Grant came from a large Christian family in Nigeria, and Caitlyn is a third generation Malaysian Chinese whose grandparents immigrated from China. Her family still maintains traditional Chinese culture to this day. Things weren’t smooth for the couple at first. Malaysia is a country of diverse ethnic groups with Indian, Chinese, and Malays being the largest three. Blacks in Malaysia have yet to be generally accepted, especially in Malaysia’s Chinese community. Grant mentioned, “Living in Malaysia as a Black person is difficult, though we are more welcomed by the Indian community, but there is still xenophobia among Chinese and Malays, so it was difficult for me to blend in.” Caitlyn mentioned that the greatest problem for Chinese and Malays to embrace outsiders is because of the language barriers and the cultural differences.


When Caitlyn introduced Grant to her family, her father had reservations about the union while the mother was open minded and wants her daughter to be happy. Indeed, Grant’s efforts to socialize with Caitlyn’s family eventually moved the family and opened doors. Now Caitlyn’s parents look forward to his visits. They like to call him for health-related questions although they don’t speak English. Caitlyn would serve as the translator, which she enjoys, to help her parents and husband to make the connection while her husband made it a necessity to learn Mandarin to so that he can communicate with his parent’s in-law.


Grant’s family accepted their relationship with love, except for one of his aunts that wanted to arrange a Nigerian lady of the same tribe (IBO) for him to marry, because she believes that having a wife from the same tribe will make the husband happier. However, when the couple visited her during their short visit to Nigeria, she was pleased and warm to them. Grant’s family want their children to be happy so they supported whatever choice their son makes that will bring him happiness. Caitlyn indicated that “My husband is very close to his grandma and mom. His family and community are blessed with so many old people, which is lovely. They accepted me very well, which made me feel very welcomed.”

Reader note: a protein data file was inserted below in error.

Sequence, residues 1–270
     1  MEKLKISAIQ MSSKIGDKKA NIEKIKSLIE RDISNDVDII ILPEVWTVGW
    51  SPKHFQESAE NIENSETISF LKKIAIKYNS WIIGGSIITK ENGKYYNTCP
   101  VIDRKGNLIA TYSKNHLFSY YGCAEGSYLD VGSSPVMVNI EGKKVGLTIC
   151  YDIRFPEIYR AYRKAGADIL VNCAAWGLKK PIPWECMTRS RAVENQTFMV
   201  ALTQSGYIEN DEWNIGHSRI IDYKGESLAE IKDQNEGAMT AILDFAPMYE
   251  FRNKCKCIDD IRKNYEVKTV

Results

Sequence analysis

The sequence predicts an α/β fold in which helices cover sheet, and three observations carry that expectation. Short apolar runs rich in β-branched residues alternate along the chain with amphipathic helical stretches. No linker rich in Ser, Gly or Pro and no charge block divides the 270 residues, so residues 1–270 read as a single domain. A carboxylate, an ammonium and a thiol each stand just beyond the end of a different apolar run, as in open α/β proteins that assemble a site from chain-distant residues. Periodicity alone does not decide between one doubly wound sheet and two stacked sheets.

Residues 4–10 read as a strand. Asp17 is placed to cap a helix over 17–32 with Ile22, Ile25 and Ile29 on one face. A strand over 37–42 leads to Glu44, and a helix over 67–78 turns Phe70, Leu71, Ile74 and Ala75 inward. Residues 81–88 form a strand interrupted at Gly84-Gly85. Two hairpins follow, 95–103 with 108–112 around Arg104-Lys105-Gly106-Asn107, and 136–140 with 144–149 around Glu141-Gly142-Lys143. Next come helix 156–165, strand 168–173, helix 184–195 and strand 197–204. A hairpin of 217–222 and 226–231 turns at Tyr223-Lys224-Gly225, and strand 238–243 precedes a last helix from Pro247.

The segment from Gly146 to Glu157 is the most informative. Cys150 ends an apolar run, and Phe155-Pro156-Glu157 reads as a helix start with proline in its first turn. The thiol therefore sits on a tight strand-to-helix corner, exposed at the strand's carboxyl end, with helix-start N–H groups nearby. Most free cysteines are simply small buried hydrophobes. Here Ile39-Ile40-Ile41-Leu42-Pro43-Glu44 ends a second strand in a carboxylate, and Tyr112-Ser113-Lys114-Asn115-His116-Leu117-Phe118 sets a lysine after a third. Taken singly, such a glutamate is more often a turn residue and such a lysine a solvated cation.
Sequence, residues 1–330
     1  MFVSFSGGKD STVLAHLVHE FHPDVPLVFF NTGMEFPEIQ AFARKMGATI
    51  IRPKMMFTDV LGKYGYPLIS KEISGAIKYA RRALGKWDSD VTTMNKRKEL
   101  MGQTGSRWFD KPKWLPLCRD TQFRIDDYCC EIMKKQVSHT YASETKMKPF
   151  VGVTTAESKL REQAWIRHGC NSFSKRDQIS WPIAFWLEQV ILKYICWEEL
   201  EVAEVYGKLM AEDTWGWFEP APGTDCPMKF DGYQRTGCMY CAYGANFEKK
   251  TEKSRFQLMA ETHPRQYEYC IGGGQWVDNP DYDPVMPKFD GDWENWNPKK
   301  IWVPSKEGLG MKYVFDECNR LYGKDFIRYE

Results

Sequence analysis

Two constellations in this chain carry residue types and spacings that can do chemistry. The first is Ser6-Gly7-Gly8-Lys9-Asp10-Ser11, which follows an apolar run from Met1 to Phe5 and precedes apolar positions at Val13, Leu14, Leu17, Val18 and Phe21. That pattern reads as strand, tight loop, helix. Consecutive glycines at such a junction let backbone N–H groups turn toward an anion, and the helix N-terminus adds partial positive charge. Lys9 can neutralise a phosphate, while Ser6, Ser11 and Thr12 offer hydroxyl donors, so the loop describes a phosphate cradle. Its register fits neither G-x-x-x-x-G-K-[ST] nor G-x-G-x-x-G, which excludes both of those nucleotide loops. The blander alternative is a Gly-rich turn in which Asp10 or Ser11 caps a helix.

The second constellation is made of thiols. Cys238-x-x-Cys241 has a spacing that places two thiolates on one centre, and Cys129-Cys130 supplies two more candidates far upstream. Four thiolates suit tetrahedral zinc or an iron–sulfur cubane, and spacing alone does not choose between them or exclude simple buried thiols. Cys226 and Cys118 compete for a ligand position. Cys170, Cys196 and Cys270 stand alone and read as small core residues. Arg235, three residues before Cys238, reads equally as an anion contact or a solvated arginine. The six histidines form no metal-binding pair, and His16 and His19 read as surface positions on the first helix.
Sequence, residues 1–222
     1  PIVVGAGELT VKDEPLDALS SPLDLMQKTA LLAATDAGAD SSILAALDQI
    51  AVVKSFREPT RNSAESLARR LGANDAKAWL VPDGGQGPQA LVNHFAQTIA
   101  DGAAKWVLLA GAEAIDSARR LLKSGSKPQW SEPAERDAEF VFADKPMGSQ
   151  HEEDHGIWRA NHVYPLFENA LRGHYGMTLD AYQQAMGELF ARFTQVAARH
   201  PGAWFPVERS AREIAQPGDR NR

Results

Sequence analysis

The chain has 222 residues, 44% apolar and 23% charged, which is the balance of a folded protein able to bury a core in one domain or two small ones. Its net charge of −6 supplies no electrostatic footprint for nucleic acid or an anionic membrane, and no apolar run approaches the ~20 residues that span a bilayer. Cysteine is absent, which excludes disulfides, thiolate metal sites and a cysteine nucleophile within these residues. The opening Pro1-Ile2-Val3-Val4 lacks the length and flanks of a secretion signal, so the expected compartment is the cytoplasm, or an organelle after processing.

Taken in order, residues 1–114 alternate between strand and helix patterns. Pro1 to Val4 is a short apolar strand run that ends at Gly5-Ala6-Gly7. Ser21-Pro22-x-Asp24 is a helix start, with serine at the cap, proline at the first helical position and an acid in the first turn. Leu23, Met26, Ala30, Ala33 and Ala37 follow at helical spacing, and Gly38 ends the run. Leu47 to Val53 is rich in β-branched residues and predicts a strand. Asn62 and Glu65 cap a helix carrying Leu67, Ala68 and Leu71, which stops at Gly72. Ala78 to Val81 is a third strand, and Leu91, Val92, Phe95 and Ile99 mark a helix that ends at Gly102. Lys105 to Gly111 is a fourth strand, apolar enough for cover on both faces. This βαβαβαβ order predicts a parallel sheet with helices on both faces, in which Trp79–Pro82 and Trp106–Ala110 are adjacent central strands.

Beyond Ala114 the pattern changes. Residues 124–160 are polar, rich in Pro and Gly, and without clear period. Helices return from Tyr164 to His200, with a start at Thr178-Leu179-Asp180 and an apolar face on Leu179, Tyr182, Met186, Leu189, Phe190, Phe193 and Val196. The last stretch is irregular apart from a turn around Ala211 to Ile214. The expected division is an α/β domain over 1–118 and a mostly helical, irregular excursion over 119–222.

In 2014, Caitlyn and Grant married. They’d spoken about the future and where they wanted to live. Because her husband was subjected to racism in Asian countries, they chose to relocate to the United States, where they would both be considered minorities but would still be accepted. After settling in the U.S., Caitlyn saw a different perspective on racism where was she previously had difficulty understanding her husband’s experience with racism back in Asia. For example, when they go out together, people would choose to talk to her husband instead because they assumed Caitlyn didn’t speak English.


On the topic of Blasian, Grant said, “I am a neutral person. My way of life is for anyone to do what makes them happy, so I accept Blasian very well even though I know the challenges that come with the relationship. But I am comfortable so as long as we are happy.” Caitlyn added, “In my opinion, Blasian means a lot to me despite putting little consideration into it at first. However, when I began to live with my husband and engaged each other’s cultures on a deeper level, I have come to see intercultural values in a mixed relationship and how families and friends from each side to accept and respect someone who was from a different culture. It creates and strengthens the connection to both African and Asian culture, at least in our social circle.”


As for Black Lives Matter, Grant also commented that “The BLM movement started as a pretest against police brutality and racial violence on black people in America which then turned into a global movement when the world had witnessed the brutal killing of George Floyd. Many of these cases have gone unnoticed, until that bold little girl recorded and shared the video. In my opinion, Black lives matter, Asian lives matter, all lives matter. Therefore, I support Black Lives Matter and Stop Asian Hate. In fact, everyone should be treated the same. Justice is equal to all however difficult it may be. Therefore, All Lives Matter and should be treated that way. I know is difficult to be realistic, however, justice should be equal.”


Although the relationship between African Americans and Asian-Americans communities has not been an easy one due to cultural differences and different immigration journeys, both Blasian couples’ experience demonstrates that establishing a relationship is effortful, but it is achievable. Understanding, learning, and accepting one other with love and kindness are essential. Lastly to establish a sense of solidarity in our country, Black and Asian American communities must work together and have more open dialogues.